Next, develop protocols for collecting the desired data, along with checks for verifying that it’s actually being collected. Make sure your staff is on board, your schedulers, to intake staff, techs, and more.

Example: When a new patient calls your office to make an appointment, have your scheduler ask “How did you hear about us?” They may have to follow up with specific questions to coax from the caller the name of a publication (if an advertisement prompted the call), or the name of a referring patient (if a friend or family member recommended your practice).

Make the Data Work for You

The amount of EHR data you can collect and the number of reports you can run can be overwhelming. Start with a question or assumption, McDaniel advises. Do this for your variables where you have an interest, but not too many at first.

Example: A simple question to begin your EHR marketing efforts is: “How many of our patients learned about us from our social media pages?” McDaniel says, “The biggest hurdle for most people is working with the software to generate the reports/data you want it to spit out. Best advice I can give you is to work with the vendors.”

Use McDaniel’s 4-step Data Analysis Process Below:

Step #1: Describe.

You need to know what you want to do with the data before you figure out how to do it. This goes back to determining your simple question or assumption from the above section. Failure to plan what you want to measure ahead of time ensures that you’ll either lack the data, or lack reasonable access to the data, says McDaniel. Start simple with single items to see how they look. Think about variables like the age of your patients, or the number with insurance coverage and number without.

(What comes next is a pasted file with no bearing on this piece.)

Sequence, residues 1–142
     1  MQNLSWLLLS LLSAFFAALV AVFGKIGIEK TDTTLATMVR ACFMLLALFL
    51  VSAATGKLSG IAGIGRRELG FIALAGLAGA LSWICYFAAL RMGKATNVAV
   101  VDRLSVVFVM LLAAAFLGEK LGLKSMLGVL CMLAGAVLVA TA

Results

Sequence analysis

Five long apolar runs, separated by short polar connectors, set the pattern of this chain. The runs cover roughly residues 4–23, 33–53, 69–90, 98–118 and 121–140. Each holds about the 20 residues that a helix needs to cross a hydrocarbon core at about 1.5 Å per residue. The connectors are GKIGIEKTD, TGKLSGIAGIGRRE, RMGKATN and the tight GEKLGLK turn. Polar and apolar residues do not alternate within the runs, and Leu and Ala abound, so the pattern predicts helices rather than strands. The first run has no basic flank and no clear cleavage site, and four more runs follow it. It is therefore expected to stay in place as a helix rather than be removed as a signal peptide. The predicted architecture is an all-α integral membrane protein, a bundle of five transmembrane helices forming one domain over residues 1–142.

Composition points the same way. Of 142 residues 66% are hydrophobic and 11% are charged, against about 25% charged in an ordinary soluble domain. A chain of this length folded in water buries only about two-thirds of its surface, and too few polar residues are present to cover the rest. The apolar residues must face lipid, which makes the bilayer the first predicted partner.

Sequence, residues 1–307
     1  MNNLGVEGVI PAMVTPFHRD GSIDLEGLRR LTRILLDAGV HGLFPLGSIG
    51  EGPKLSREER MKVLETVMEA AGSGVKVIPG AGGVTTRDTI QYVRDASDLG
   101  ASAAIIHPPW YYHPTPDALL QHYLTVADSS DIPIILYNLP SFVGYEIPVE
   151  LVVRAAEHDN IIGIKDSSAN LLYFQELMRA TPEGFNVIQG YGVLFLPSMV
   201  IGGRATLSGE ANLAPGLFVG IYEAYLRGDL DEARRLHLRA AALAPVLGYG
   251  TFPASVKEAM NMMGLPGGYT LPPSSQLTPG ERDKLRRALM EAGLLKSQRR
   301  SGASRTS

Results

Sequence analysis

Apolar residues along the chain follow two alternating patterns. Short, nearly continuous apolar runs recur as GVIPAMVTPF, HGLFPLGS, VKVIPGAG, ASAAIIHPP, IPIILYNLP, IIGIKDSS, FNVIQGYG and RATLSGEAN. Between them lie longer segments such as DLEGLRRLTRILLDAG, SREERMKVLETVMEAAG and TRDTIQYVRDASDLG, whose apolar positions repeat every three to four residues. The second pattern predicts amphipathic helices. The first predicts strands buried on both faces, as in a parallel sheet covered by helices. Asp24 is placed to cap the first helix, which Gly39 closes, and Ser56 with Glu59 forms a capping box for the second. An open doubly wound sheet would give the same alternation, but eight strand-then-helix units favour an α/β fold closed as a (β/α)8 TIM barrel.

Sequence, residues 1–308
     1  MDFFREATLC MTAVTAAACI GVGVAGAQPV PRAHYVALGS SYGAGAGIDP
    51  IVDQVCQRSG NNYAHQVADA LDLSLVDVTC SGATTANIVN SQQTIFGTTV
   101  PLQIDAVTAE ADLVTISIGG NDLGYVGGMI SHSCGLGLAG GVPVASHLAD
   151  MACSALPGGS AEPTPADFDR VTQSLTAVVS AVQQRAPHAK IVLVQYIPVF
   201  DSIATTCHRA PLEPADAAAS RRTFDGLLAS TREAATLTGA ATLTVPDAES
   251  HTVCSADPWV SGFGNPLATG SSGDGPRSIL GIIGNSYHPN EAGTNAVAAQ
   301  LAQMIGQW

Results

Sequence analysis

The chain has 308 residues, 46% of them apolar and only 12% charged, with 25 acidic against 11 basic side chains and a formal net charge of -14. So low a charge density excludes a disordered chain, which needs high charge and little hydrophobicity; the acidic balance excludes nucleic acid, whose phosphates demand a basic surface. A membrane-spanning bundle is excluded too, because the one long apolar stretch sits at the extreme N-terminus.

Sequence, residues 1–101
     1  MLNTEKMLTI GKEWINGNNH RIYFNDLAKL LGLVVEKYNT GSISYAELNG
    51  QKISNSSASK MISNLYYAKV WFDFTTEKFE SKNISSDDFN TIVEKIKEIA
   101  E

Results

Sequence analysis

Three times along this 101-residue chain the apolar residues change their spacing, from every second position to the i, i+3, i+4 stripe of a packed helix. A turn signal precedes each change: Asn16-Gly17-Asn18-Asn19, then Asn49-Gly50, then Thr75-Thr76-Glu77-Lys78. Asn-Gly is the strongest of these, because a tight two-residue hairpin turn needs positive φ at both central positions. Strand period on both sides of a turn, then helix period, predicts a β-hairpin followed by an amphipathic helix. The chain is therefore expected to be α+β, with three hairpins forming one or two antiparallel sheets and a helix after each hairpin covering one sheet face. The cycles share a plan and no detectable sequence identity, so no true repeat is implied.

Step #2: Understand.

Once you get your feet wet with collecting data about one item you want to measure, you can start to combine variables to get more interesting and detailed answers about your practice. The EHR data will help you create specific patient groups that you can market to and track.

Example: You could segment your patients that are myopic, wear contact lenses, and are over age 42; then, send them a reminder or promo card for back up glasses.

Step #3: Predict.

This is the stage during which you’ll plan marketing campaigns based on your interpretation of the data uncovered in steps 1 and 2. Accurate predictions of what will and won’t work come from repeated data extraction and analysis, says McDaniel.

But, he cautions against a few caveats:

  • Be very selective about what variables you routinely look at. Limit the number of combined variables to no more than 10.
  • Ensure you’re looking at the exact same variables every time. Changing even one can skew your results significantly.
  • You need to look at your data less frequently than you think. Monthly reviews of your data convenient, but often too short to be useful. To get the most reliable and valid data sets, limit your data reviews to a quarterly basis.


Step #4: Control.

When you control your data, you’ll be able to introduce interventions with an eye towards the direction and amount of impact on the results, according to McDaniel. Not surprisingly, this takes the longest time to achieve. “Marketing works, and it works very well—over time,” he says. “Marketing segmentation and targeting priorities [are areas] where the game has changed drastically.”


Digging Just Enough

When it comes to extracting and interpreting your EHR data, your marketing options are almost limitless. That means it’s also easy to get overwhelmed by all your options. McDaniel recommends starting small and simple.


Here are some ideas to get you started:


  • Check on medication side effects: Find out which patients take medications that increase the risk of symptoms that you can help treat. If they have not had a comprehensive exam in over a year, invite them in.
  • Recommend new products and offerings: Find out which patients of the appropriate age group have never tried certain offerings or products, like cosmetic procedures, supplements, etc. Market to them.


Work It: If you find that a significant number of patients share the same employer, it’s worth touching base with that employer once a year to find out whether they’ll still offer a plan that includes you.

Learn More

Equip yourself to leverage your data for financial growth with TCI’s Unleash Your EHR’s Superpowers. Pick up your copy today.



Elizabeth works on an array of projects at TCI, researching and writing about modern reimbursement challenges. Since joining TCI in 2017, she has also covered the nuts and bolts of cybersecurity, compliance with federal laws, and how to tap into the advantages of telehealth services.